A much-heralded Colorado effort credited with significantly reducing teen pregnancy and abortion rates is searching for new funding after GOP lawmakers declined to provide taxpayer dollars to keep it going.
Started in 2009 with an anonymous private grant, the state-run Colorado Family Planning Initiative gave free or reduced-price IUDs or implantable birth control to more than 30,000 women. During that period, births to teen mothers dropped by 40 percent and abortions dropped 35 percent, the state said. Armed with a national award for excellence, state health officials asked lawmakers this spring to provide $5 million to keep it going but were rebuffed.
Colorado officials say the program saved taxpayers $80 million in Medicaid costs they would have otherwise paid to care for new mothers and their children. Colorado Department of Public Health & Environment on July 1 formally asked the public for money to keep CFPI going.
“Making sure Colorado women have access to safe and effective contraception is an investment in their futures and ours,” Dr. Larry Wolk, the CDPHE executive director and the state’s chief medical officer, said in a statement.
Critics of the state funding for the program say national teen birth and abortion rates have been falling nearly as sharply as Colorado’s. Abortion opponents often criticize IUDs as “abortifacients” because in rare cases an egg can become fertilized but not implant.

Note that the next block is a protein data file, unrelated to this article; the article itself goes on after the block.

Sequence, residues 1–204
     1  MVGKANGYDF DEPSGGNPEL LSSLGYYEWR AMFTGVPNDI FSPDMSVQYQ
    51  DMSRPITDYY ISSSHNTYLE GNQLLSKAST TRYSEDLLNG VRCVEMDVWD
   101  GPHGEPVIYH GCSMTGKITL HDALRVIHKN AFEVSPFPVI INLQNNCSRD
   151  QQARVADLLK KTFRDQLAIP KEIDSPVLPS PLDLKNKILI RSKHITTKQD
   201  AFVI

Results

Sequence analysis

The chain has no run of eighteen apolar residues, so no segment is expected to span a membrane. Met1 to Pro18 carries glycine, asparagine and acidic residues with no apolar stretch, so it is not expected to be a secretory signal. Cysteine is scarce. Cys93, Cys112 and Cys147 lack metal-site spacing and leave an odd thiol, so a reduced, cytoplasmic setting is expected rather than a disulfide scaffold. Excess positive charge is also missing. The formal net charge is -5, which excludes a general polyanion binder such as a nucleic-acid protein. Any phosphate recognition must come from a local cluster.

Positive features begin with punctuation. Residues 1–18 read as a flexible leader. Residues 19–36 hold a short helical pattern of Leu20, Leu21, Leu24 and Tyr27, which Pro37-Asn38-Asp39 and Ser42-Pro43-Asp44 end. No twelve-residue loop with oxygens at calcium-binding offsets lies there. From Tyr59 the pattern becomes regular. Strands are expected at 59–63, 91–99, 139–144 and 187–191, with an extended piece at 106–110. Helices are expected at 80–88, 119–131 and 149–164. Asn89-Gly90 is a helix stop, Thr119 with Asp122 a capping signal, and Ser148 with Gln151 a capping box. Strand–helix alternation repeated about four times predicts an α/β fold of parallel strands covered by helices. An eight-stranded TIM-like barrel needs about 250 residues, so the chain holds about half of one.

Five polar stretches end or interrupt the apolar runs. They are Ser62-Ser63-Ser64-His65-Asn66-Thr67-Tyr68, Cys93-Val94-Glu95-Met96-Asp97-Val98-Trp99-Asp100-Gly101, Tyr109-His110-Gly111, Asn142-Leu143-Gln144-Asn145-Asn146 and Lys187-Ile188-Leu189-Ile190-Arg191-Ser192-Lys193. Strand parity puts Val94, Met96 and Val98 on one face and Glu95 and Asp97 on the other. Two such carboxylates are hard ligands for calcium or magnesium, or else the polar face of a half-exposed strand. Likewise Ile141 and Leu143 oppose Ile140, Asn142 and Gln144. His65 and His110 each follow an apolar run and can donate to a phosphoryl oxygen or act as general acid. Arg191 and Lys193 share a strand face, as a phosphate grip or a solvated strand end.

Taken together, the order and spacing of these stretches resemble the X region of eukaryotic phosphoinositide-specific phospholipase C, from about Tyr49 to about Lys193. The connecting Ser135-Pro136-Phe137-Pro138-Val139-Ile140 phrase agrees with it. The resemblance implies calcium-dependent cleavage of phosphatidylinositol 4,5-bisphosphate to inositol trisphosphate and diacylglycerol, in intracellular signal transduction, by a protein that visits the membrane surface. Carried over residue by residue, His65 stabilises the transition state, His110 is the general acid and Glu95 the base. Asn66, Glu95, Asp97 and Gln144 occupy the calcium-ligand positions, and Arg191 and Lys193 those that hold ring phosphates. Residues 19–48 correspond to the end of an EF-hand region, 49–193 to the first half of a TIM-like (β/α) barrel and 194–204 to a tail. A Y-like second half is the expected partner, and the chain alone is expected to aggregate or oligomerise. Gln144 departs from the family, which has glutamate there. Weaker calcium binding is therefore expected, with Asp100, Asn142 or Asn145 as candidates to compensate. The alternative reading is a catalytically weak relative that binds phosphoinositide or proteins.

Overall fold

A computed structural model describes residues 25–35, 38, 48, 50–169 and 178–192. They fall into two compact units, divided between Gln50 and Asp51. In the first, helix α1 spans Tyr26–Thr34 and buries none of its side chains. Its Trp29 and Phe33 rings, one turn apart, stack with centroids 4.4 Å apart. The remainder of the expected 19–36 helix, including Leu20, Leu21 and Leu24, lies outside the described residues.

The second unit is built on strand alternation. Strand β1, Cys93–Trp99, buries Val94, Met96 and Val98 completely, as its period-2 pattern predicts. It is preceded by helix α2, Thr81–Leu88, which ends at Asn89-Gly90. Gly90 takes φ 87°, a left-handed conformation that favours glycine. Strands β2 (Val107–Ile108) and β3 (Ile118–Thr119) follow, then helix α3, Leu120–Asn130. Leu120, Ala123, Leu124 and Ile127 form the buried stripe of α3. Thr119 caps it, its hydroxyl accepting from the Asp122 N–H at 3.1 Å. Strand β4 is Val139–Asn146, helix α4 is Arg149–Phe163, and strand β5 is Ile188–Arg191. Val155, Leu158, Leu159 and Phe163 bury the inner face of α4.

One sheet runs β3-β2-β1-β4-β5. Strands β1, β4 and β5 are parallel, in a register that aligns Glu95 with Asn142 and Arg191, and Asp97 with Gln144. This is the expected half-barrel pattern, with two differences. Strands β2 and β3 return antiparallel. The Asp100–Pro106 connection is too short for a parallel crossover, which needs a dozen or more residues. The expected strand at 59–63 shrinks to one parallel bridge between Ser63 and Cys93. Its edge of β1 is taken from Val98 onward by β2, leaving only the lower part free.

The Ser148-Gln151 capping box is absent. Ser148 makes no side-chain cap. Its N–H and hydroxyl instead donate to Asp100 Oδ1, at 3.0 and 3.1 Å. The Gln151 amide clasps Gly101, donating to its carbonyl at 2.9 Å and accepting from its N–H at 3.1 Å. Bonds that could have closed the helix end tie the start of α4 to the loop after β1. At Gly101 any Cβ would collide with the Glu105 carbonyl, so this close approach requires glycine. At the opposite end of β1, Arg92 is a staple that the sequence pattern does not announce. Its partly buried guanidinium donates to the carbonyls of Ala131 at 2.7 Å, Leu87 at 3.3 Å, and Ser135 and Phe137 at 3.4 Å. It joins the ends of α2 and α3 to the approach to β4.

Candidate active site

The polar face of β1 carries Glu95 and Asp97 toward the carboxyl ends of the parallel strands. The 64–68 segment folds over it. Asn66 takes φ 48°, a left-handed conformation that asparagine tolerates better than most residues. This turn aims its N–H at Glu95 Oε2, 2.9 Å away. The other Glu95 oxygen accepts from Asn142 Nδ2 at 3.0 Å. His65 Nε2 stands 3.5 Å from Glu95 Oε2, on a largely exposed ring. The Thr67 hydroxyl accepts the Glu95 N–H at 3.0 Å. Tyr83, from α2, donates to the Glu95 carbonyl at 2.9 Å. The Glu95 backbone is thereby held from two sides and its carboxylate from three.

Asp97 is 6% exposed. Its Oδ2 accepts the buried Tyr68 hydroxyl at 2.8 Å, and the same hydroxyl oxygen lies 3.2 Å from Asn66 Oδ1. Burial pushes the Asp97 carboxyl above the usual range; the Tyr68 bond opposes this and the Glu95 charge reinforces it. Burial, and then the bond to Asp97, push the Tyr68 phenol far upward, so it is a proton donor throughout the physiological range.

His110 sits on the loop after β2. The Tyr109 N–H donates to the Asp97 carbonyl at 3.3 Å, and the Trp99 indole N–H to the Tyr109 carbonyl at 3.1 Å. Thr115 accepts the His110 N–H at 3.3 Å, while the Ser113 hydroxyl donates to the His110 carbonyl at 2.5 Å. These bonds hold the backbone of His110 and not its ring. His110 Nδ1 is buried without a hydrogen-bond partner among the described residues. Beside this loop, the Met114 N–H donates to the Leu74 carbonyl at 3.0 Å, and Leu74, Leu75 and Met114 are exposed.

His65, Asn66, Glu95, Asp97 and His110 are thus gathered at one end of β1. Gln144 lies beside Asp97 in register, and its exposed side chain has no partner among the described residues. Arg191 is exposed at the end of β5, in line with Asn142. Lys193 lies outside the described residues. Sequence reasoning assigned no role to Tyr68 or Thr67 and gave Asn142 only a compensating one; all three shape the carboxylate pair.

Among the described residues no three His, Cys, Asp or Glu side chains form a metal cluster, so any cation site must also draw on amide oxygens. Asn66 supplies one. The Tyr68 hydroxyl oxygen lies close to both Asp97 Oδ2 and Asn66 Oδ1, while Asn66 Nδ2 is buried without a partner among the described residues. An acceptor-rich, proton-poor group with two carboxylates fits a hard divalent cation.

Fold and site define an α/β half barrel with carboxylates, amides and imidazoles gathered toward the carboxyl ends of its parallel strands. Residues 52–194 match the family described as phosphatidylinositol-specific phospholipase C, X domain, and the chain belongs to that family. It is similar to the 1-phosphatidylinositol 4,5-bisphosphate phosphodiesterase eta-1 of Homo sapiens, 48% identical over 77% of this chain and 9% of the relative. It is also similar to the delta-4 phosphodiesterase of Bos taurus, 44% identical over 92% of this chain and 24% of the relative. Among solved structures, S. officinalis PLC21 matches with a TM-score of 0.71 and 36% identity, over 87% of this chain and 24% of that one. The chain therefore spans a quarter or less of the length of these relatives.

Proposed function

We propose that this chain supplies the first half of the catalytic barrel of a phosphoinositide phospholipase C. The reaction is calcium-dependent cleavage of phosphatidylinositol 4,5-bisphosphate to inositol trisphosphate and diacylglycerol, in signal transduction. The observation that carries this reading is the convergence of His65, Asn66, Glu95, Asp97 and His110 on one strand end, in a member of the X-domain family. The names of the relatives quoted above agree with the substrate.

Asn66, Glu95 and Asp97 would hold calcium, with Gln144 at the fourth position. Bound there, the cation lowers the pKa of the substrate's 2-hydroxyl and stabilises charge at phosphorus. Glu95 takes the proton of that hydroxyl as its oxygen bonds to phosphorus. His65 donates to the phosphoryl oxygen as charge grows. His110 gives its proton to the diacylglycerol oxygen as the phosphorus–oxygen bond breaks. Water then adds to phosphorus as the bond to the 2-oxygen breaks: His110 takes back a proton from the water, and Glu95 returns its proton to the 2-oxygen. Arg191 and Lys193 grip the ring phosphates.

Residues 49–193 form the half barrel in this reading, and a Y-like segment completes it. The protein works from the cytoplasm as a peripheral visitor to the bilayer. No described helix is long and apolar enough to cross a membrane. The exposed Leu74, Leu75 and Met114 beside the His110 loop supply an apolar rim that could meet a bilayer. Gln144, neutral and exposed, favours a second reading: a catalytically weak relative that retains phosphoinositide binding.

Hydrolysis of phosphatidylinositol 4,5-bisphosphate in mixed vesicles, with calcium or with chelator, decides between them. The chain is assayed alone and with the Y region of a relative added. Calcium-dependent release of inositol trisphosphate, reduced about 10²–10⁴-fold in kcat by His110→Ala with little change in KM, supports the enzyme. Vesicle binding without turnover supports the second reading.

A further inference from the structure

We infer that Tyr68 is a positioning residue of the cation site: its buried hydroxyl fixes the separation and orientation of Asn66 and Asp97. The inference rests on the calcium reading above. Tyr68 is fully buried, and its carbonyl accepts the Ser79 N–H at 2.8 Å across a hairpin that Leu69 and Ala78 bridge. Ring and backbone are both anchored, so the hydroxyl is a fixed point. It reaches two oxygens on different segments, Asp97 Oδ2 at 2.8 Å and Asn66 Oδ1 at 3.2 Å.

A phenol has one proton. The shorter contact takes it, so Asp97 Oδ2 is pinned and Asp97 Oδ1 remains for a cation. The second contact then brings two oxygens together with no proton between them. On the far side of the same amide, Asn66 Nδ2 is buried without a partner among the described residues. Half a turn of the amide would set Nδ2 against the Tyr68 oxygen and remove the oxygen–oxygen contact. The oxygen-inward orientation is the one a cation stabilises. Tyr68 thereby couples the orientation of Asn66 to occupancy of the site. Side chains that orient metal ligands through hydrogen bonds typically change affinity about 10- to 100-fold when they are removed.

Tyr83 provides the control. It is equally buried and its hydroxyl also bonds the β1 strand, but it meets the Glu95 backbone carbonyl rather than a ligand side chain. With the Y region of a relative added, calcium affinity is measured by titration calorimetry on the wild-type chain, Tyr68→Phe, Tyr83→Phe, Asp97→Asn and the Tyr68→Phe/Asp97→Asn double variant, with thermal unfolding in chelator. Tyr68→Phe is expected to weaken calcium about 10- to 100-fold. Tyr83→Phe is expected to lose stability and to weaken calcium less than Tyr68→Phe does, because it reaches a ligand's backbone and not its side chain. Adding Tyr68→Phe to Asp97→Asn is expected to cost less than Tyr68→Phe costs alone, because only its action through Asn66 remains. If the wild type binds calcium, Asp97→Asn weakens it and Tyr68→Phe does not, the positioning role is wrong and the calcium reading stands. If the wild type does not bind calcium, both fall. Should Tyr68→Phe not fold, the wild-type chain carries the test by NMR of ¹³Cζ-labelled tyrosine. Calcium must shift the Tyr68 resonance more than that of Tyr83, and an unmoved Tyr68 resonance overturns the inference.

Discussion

Across the United States teen births have reached historically low levels, according to Bill Albert, chief program officer at the National Campaign to Prevent Teen and Unplanned Pregnancy. He says a combination of “less sex and more contraception are driving rates down.”
“Before if you wanted to avoid pregnancy, you take a pill every day at nine a.m. or use condoms correctly every time,” Albert said.
“It required a game-time decision. With the IUD and implant, it completely changes the default. Now if you want to get pregnant you have to see a medical professional to get it removed.”
According to the CDC, long-acting reversible contraceptives have a failure rate of less than one percent.
Colorado Family Action, which opposed state funding for the program, said using taxpayer dollars would have inappropriately inserted the government between children and their parents.
“We believe that offering contraceptives to teens, especially long-acting reversible contraceptives, while it may prevent pregnancy, does not help them understand the risks that come with sexual activities,” CFA said in a statement.
“We should not remove parents from the equation — equipping teens for safe sex without their parent’s involvement bypasses this critical parental right and responsibility. Parents need to be the primary educator when it comes to sexual education and the primary decision about healthcare choices for their children. Lastly, Colorado taxpayers should not be paying for the ‘Cadillac’ of birth control for minor children.”
Wolk said CFPI was effective because it also trained doctors on how to insert IUDs.
“Many primary-care physicians aren’t necessarily trained in how easy it is to insert an IUD compared to writing a prescription for birth control,” Wolk said.
“We want to expand the training, so when young women make the decision, they can have insertions done then and there without waiting for a doctor to order one.”